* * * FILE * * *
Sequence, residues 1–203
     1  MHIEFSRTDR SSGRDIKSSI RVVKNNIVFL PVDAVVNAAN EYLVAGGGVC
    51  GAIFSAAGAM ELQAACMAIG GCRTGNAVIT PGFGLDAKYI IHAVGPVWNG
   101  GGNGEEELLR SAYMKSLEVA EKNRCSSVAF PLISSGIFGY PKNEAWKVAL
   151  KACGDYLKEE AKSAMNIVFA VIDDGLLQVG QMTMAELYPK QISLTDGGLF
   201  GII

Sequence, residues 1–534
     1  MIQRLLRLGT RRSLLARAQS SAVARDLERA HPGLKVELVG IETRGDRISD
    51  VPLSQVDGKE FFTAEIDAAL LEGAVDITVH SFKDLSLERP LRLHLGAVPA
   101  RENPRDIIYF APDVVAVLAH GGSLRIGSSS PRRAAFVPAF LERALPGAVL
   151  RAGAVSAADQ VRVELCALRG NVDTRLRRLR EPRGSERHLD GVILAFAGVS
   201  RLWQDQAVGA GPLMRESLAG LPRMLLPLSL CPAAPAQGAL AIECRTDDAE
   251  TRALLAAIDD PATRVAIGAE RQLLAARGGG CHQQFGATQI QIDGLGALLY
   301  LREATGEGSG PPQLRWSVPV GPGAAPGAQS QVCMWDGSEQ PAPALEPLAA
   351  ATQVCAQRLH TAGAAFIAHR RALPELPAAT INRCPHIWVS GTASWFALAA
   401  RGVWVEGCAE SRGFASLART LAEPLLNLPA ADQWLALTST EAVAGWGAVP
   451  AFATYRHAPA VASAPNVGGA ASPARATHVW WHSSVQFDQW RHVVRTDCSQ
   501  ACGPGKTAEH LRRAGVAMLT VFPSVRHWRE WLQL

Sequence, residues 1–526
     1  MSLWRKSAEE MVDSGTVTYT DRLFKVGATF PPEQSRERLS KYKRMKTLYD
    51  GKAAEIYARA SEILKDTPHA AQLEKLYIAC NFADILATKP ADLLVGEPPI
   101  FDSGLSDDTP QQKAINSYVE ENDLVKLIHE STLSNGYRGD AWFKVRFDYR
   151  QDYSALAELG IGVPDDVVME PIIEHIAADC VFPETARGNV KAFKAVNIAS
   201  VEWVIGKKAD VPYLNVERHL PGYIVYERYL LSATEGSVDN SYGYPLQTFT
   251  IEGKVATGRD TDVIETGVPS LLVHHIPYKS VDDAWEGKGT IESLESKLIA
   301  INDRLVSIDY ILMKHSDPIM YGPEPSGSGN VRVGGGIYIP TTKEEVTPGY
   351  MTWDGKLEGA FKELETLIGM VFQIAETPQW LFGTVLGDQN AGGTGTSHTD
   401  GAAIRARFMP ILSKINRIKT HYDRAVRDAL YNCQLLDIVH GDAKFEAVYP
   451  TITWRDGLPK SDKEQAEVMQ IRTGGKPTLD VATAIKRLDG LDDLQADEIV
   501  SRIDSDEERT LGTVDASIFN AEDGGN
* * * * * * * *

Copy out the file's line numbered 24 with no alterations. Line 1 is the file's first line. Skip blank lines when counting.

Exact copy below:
   201  VEWVIGKKAD VPYLNVERHL PGYIVYERYL LSATEGSVDN SYGYPLQTFT